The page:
John E. Dowell once had a dream in which his late grandmother beckoned him to visit the cotton fields of South Carolina as a way to honor their roots and legacy.
The Philadelphia-based photographer and Temple University art professor emeritus made good on the dream, snapping photographs of his journey South that eventually formed the basis of Cotton: The Soft Dangerous Beauty of the Past.
The series of 35 large-scale photographs was presented as an exhibition in 2018 at the African American Museum in Philadelphia.
Dowell’s haunting and often surreal images situate cotton both in the past and in the present of the African-American experience, and evoke the journey from rural Southern fields to the North, specifically the concrete canyons of New York City.
Five years later, Dowell’s photography has inspired a new musical work by rising classical composer Damien Geter, one that was imagined, curated, and commissioned by Philadelphia’s Lyric Fest recital series to commemorate its 20th anniversary.
Cotton is an intensely moving song cycle by the openly gay, Black composer that responds to Dowell’s imagery but also to original lyrics from eight luminary poets, “nationally renowned voices of the 21st century” also commissioned by Lyric Fest for Cotton: Charlotte Blake Alston, Nikki Giovanni, Afaa Michael Weaver, Marc Bamuthi Joseph, Lauren Alleyne, Alora Young, Glenis Redmond, and Trapeta Mayson.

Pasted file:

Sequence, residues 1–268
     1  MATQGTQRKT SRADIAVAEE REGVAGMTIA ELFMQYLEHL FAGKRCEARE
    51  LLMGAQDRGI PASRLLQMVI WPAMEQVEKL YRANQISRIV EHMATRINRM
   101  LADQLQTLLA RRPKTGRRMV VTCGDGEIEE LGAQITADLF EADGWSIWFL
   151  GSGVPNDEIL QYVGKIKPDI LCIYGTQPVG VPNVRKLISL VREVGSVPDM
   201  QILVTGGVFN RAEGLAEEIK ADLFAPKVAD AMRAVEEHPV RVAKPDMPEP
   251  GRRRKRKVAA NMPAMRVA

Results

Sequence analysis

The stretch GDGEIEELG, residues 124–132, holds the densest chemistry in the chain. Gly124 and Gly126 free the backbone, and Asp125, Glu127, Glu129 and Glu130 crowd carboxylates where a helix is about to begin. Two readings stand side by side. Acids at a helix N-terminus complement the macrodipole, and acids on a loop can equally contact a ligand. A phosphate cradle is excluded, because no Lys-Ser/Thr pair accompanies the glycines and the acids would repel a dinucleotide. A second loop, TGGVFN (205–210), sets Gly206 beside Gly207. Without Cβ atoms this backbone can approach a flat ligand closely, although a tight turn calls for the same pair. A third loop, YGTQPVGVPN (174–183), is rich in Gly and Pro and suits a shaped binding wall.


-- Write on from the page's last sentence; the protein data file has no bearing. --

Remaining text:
Three days after its world premiere later this month in Philadelphia, Washington Performing Arts presents the D.C. premiere of Cotton at the Kennedy Center as the organization’s inaugural Ruth Bader Ginsburg Memorial Recital.
Legendary mezzo-soprano Denyce Graves, a favorite artist of the late Supreme Court Justice who performed at her funeral, will be joined by up-and-coming baritone Justin Austin and accompanied by pianist and Lyric Fest director Laura Ward, for a multimedia performance enhanced with projections of Dowell’s images, plus video readings from the commissioned poets reading their works during the performance.
One night only. Tuesday, Feb. 28, at 7:30 p.m. in the Kennedy Center Terrace Theater.
Tickets are $30 to $75. Visit www.washingtonperformingarts.org or call 202-785-9727.
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